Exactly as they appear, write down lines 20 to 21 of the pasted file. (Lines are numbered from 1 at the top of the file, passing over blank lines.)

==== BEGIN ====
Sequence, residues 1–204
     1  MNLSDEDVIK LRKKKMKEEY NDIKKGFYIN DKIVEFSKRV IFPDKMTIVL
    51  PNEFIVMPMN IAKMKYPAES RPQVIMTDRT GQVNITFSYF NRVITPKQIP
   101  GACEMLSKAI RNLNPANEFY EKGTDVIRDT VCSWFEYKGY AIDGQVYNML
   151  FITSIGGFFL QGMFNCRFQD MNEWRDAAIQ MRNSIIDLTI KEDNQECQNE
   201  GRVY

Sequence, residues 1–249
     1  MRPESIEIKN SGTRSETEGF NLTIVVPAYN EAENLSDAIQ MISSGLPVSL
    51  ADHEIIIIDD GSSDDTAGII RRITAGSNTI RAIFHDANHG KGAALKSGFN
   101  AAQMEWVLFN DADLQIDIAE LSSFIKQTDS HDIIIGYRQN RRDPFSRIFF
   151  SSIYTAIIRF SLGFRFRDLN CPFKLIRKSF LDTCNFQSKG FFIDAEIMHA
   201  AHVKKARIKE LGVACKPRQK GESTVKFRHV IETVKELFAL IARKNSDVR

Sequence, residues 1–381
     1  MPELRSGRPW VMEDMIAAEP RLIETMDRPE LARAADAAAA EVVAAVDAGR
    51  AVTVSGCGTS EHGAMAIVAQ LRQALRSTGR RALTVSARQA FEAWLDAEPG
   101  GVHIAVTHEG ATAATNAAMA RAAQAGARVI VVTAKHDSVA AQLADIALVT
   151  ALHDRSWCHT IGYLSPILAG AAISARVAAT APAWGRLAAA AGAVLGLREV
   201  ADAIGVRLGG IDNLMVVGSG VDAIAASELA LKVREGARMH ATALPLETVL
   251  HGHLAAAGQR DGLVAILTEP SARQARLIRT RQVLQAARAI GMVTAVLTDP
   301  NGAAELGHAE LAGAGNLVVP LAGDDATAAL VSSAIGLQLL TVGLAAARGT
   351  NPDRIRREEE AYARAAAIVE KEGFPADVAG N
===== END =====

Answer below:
   301  NGAAELGHAE LAGAGNLVVP LAGDDATAAL VSSAIGLQLL TVGLAAARGT
   351  NPDRIRREEE AYARAAAIVE KEGFPADVAG N